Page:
At UK, the tuition and fees for in-state students in 2017-18 is nearly 29 percent higher than it was in 2011.

Since last year, the in-state tuition rose 4 percent, corresponding to $18.8 million more from tuition this year, according to the UK Budget.

Blanton said that “only a handful of years ago,” the average annual increases in tuition was more than 10 percent.

The 4 percent raise was the maximum allowed by the CPE.

“The Council has done its part to coordinate and minimize needed tuition increases over the past few years,” Mahan said.

For out-of-state students like Hamlin, the rise in tuition and costs was 6.5 percent.

Out-of-state students are typically charged twice as much as in-state students.

Possible reasons for increases in tuition, according to Mahan: declining state revenue coupled with increasing costs (for employee benefits and facilities, for example) and flat or falling enrollment.

A 4 percent increase may not seem like much until it translates into thousands more dollars of debt for thousands of students.

According to Student Loan Hero, 44 million Americans owe a total of $1.4 trillion in student loan debt. For the class of 2016, the average was $37,172 per student, which is 6 percent higher than last year’s average.

Hamlin said that due to confusion about scholarship availability and deadlines, she accumulated $45,000 of student loan debt in her first year alone. She said her aunt, a 2000 UK alumna, is still paying off student debts of her own and expects to make her last payment in 2038.

Revenue from tuition makes up 13 percent of UK’s annual budget. Enrollment interacts with tuition when the Board of Trustees projects enrollment for and therefore how much revenue the university will receive from tuition for budgeting purposes.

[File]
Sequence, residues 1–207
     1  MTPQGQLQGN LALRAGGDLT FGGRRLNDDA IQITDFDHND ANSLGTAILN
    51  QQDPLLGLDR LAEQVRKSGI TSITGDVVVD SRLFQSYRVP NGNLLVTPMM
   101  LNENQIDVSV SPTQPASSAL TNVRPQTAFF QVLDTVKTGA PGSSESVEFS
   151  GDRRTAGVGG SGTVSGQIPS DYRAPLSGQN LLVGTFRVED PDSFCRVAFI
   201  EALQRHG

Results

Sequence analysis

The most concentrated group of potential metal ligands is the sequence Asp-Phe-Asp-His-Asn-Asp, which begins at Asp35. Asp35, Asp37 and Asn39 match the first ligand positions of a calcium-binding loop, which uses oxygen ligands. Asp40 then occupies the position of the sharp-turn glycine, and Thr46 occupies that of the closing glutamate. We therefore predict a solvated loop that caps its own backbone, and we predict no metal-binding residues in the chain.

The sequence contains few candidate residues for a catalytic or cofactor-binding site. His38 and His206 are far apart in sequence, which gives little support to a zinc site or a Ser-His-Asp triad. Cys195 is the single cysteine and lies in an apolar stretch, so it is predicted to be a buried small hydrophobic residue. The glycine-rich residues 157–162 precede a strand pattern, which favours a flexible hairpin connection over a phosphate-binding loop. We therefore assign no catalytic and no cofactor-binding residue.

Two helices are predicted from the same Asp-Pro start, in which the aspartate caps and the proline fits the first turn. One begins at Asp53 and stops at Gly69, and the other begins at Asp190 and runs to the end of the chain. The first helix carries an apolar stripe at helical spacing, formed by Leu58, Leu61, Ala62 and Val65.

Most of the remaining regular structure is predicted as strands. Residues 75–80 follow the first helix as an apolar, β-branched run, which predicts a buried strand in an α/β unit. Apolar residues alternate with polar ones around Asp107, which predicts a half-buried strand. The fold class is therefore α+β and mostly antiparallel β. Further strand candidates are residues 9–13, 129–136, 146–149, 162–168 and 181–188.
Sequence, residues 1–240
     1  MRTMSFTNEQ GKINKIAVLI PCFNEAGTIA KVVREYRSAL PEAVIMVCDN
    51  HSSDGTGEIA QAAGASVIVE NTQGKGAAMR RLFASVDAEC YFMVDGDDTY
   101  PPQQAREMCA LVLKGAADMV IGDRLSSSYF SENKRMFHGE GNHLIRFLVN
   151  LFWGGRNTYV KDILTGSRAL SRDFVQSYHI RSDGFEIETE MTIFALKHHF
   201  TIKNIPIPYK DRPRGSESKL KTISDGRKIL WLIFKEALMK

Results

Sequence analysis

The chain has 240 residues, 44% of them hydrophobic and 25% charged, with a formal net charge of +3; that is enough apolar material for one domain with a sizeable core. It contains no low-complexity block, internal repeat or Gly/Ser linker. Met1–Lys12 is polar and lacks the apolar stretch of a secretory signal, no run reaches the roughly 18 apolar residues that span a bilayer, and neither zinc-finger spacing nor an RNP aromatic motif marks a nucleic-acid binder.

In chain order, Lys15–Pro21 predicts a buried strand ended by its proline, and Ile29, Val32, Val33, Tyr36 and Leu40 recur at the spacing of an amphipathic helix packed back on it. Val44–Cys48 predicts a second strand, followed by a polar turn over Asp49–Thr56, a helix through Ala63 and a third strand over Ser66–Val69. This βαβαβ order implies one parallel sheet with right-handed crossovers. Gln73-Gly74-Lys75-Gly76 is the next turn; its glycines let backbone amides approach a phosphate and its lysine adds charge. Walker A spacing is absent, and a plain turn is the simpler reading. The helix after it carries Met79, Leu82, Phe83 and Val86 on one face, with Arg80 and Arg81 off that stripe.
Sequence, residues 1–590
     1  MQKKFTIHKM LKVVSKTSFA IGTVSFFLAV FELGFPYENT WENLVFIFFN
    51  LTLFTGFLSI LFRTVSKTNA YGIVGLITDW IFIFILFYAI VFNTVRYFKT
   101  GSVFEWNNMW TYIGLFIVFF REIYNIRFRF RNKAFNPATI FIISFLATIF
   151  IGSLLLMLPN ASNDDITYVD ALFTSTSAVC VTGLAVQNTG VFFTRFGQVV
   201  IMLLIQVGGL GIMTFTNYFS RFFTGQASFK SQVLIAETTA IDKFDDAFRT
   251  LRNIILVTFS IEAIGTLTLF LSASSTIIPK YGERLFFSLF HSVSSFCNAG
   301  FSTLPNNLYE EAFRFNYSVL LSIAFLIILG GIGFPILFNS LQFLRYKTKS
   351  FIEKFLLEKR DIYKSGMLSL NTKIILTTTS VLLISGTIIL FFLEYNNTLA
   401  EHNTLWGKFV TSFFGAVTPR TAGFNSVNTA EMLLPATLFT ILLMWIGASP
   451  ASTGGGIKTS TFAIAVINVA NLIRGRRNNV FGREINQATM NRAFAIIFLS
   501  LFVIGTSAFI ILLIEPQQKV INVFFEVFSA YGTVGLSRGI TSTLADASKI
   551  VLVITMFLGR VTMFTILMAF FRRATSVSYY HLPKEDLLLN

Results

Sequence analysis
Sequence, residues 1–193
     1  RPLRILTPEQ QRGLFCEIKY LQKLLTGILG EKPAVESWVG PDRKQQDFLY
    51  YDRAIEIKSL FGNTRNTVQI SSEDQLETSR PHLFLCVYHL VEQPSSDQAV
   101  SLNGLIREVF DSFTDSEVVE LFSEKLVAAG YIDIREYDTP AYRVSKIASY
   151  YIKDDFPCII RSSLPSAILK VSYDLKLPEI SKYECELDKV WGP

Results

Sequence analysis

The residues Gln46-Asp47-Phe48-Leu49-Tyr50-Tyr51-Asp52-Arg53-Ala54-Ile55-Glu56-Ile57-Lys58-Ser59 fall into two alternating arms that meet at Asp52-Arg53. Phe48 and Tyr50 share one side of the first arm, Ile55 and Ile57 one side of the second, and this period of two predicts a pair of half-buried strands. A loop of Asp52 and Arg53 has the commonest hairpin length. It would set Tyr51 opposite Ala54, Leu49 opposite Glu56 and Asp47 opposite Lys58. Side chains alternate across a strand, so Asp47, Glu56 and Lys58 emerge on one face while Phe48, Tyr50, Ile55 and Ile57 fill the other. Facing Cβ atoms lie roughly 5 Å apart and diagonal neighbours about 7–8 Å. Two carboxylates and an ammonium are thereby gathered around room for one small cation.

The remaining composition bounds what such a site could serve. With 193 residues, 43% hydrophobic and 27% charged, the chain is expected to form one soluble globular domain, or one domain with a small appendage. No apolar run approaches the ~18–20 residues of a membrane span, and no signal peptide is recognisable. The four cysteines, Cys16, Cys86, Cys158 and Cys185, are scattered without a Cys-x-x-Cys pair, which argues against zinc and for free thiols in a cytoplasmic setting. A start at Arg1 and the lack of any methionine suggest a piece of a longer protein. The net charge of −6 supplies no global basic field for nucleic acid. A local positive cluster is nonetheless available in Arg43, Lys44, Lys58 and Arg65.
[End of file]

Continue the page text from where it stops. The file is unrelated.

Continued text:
“(Tuition) is always the last part of the budget we determine as the goal is always to hold down costs as much as possible to make a high-quality education at UK as accessible and affordable as possible,” Blanton said.

Blanton said that UK President Eli Capilouto has emphasized increasing financial aid that does not have to be paid back. This year, UK will provide about $126 million in financial aid, which is more than double what it was in 2011, when Capilouto became president.

What’s next?

Both Hamlin and Ramey have plans of being Wildcats someday— Hamlin again, Ramey for a long-awaited first time.

Hamlin has aspirations to be a lawyer, and she said she’d like to attend UK’s College of Law. The catch? She can only attend if “the tuition situation gets under control.”

After one more semester at BCTC, Ramey said he will transfer to UK and hopefully complete his chemical engineering degree within five semesters. While he’s looking forward to being on campus more, he is still “very wary” of the student debt he expects to accumulate during his time at UK.

If the trends continue as they have been— with enrollment going down and tuition going up— what will happen to higher education?

How many more students will be unable to attend their dream college?